EU-China end dispute and broker solar deal

After weeks of talks between China and the EU the two manage to agree on a deal to regulate Chinese solar panel imports, signalling a victory for both sides

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EU Trade Commissioner Karel De Gucht attends a press conference with China's Minister of Commerce Gao Hucheng in Beijing

The breakthrough is a crucial one for Beijing and Brussels. The two trading giants last year alone saw total trade amount to nearly €415bn.

In a statement EU Trade Commissioner Karel De Gucht said “we found an amicable solution in the EU-China solar panels case that will lead to a new market equilibrium at sustainable prices.”

The commissioner sealed the deal with his Chinese counterpart, setting the minimum price on Chinese imports at 56 cents per watt of solar energy produced.

Under the new deal China will supply 7 GW without being subjects to any tariffs. The EU total consumption last year was around 15 GW.

Europe had intended to impose large tariffs on China after domestic manufacturers accused them of dumping €21bn worth of solar panels, made possible by huge state funded subsidies, putting pressure on European producers.

Although the agreement was meant to quell European panel producers concerns over dumping, many have accused Brussels of failing to protect European industry.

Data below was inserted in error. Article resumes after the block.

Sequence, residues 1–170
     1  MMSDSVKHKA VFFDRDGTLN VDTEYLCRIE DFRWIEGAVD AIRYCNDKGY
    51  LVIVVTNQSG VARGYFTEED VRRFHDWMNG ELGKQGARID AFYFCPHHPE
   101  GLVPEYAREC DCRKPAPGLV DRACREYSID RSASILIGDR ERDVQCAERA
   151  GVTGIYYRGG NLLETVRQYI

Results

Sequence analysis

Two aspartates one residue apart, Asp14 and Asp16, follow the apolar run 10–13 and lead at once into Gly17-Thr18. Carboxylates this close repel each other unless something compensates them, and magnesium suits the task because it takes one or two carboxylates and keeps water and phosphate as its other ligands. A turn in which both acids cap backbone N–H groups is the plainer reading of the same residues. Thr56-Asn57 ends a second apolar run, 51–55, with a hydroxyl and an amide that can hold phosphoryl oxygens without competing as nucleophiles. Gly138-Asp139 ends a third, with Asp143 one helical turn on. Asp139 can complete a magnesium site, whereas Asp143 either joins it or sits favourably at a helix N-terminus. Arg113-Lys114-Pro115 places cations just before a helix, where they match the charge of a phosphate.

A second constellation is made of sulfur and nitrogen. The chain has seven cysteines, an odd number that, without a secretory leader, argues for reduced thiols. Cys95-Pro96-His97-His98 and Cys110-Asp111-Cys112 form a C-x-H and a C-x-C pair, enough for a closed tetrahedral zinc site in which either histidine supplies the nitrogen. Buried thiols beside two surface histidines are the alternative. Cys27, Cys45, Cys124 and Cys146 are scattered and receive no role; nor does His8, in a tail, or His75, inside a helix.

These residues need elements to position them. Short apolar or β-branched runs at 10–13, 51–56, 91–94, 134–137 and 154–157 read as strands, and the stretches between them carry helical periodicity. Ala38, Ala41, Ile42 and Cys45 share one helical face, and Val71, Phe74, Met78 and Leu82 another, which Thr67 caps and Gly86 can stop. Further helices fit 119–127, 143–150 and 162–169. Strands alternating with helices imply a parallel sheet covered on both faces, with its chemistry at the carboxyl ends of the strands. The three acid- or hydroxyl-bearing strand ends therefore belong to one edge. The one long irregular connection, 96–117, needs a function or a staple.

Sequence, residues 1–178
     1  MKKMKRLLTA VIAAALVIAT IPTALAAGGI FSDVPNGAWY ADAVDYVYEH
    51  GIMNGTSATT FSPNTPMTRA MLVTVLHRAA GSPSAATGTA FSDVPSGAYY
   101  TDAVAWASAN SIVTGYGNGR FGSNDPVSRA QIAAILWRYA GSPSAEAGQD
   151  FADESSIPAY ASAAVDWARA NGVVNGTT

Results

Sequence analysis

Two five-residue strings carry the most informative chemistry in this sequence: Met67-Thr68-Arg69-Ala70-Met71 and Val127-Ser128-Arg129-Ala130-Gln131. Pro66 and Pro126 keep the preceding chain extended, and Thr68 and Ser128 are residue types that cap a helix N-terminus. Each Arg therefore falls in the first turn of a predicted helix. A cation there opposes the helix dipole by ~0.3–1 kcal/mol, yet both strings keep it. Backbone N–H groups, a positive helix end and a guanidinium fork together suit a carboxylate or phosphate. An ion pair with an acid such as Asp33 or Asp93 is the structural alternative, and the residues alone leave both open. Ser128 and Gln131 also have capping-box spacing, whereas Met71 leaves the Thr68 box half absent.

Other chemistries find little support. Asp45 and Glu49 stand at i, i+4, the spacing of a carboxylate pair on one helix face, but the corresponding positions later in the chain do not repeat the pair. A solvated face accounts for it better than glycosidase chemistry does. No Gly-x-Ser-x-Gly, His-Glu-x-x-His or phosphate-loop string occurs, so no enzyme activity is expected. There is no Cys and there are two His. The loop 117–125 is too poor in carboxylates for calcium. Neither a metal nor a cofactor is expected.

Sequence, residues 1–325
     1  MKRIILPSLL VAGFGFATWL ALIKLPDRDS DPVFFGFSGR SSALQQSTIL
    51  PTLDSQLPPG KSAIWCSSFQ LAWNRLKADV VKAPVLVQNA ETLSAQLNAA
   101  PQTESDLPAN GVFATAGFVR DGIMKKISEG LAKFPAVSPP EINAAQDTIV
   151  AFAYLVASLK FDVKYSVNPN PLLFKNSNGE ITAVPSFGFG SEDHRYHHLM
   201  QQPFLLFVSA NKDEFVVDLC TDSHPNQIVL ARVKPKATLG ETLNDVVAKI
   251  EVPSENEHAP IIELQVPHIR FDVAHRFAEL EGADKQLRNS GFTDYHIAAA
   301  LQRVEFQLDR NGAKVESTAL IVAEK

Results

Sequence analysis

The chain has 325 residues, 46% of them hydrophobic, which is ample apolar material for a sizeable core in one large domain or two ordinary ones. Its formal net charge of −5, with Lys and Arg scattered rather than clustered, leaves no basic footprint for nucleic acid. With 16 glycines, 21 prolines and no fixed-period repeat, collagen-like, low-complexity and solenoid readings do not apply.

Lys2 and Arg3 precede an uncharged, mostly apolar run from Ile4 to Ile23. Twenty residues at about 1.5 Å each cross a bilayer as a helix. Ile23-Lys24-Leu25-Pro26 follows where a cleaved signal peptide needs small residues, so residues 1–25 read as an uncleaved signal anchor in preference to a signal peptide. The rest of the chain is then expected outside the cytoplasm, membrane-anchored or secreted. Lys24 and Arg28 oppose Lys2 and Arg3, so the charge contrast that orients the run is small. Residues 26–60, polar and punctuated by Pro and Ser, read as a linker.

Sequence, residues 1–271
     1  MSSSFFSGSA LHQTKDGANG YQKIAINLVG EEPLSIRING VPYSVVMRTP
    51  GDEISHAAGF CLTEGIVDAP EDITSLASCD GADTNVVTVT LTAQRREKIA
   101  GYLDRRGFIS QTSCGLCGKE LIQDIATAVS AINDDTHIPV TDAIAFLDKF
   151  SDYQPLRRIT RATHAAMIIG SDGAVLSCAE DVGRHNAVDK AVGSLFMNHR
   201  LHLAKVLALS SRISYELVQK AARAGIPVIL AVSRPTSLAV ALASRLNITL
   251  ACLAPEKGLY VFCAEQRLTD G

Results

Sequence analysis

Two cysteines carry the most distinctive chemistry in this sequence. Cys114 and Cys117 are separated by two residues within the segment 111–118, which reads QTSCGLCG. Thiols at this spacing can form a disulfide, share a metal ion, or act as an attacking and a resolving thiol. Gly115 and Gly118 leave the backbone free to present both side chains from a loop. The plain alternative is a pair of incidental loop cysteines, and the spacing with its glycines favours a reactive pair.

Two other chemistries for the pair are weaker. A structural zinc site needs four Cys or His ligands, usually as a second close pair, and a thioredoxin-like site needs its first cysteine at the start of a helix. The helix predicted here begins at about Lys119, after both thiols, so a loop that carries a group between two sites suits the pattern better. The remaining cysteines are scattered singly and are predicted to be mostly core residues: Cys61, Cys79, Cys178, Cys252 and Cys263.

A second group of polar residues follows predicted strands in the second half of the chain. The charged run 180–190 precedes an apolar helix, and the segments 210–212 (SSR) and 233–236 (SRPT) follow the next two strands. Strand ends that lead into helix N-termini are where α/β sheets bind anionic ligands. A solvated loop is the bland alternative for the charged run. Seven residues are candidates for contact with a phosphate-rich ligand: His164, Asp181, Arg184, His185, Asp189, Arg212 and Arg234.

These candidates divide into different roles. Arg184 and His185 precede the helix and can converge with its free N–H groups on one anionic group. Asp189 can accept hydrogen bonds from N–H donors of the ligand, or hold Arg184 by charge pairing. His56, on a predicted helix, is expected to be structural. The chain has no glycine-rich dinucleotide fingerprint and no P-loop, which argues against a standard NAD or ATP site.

This led to EU lobby group ProSun to challenge the deal on the grounds that it is unlawful, stating it will take the issue to the European Court of Justice, in Luxembourg.

“Even the biggest EU trade conflict ever must still be resolved on the basis of the applicable law,” ProSun’s president, Milan Nitzchke, told Reuters.

De Gucht was quick to make light of the threat stating in an interview with Bloomberg, “I think they have no case.”

However, the EU has made it clear it may impose further duties to counter the allegations aimed at Chinese imports.

In response China’s government has threatened to impose duties of its own on imports from Europe on products like wine and polysilicon, a material required in the manufacture of solar panels.

French Trade Minister Nicole Bricq told Yahoo! Finance she had hopes that the recent deal will encourage the Chinese authorities to “end their anti-dumping probe into imports of EU wine,” which rose out of retaliation for the solar levies. China with its growing economy is becoming a large importer of French wine.

The deal marks an “amicable solution” that is averts a potential trade war between Beijing and Brussels, one that neither side can really afford. It is also signals a positive outlook for the future of clean energy industry.